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China's Modern Sketch I
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Yu Yongpeng
“Repairing a Rich Man’s Head”
Instructions: The face is painted green to facilitate malingering.
The scalp is lubricated to slip out of tight situations. The eyes are different colors for sizing up different sorts of characters. The
ears are nailed shut to help shirk responsibility. The teeth are sharp
and the tongue coated with honey as an aid to persuasion. But little
does the rich man know how the small-timers leech off of him!


November 1934 [ms11_020_ModernSketch]

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Wang Dunqing
“Western Civilization”

March 1935 [ms15_020_ModernSketch]

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Pang Xunqin
“Aquatic Life”

April 1935 [ms16_000_ModernSketch]

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Chen Juanyin
“Spawn of the Local Kingpin”

April 1935 [ms16_020_ModernSketch]

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Lu Zhensheng
“Shanghai Dairy Farm”

May 1935 [ms17_019_ModernSketch]

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Lu Shaofei
“Peace No More!”

June 1935 [ms18_042_ModernSketch]

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Shang Ban Yu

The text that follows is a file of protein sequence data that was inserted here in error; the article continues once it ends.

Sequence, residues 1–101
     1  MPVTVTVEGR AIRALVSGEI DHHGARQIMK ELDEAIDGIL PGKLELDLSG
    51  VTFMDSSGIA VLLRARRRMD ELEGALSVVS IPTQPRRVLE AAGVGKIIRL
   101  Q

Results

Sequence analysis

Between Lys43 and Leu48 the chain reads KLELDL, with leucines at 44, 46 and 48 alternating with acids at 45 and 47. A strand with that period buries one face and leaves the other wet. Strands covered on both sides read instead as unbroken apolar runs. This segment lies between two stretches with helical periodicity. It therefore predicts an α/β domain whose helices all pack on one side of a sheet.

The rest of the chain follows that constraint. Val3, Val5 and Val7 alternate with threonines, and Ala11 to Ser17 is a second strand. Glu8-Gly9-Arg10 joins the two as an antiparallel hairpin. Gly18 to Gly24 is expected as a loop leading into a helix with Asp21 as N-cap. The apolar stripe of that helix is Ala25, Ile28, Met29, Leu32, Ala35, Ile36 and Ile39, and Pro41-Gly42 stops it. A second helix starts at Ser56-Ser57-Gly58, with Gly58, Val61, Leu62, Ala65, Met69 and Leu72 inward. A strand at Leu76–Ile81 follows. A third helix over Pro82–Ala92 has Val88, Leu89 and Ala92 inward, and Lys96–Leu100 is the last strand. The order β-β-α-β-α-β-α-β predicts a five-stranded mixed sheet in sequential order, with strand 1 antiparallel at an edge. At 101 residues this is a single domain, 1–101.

“Bacteria from the ‘Sick Man of Asia’ at 2000x Magnification”

July 1936 [ms28_021_ModernSketch]

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Zhang Wenyuan
“World of Beasts”

November 1936 [ms32_023_ModernSketch]

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Zhang Wenyuan
“Emptying the Mind of the Four Temptations”
(clockwise from top left)
Bodhisattva Guanyin (The Money Lender)
Buddha of Immortality (The Opium Addict)
Daoist Immortal Liu Hai (The Capitalist)
Amida Buddha (The Philantropist)


April 1937 [ms37_021_ModernSketch]

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Huang Weiqiang
“The Internationalized Hong Kong Meat Market”

May 1937 [ms38_023_ModernSketch]

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Wang Zimei and Xi Yuqun
“Hung by the Heels in Hell”

June 1937 [ms39_010_ModernSketch]

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Wang Zimei
The massive expenditures of General Franco,
occupier of Bilbao, as seen by a Spanish infant


June 1937 [ms39_013_ModernSketch]

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Nine Thematic Visual Narratives

8. Modern Grotesque

Many streams of artistic influence fed the imagery of Modern Sketch. Where representations of the “modern girl” and “modern boy” drew mainly from stylish American jazz-age magazine illustration, other cartoonists picked and chose from among modern-art movements like cubism, surrealism, fauvism, and dada. Few rules applied to the young, almost totally uninstitutionalized art of Chinese cartooning, and the results could be fascinatingly grotesque.


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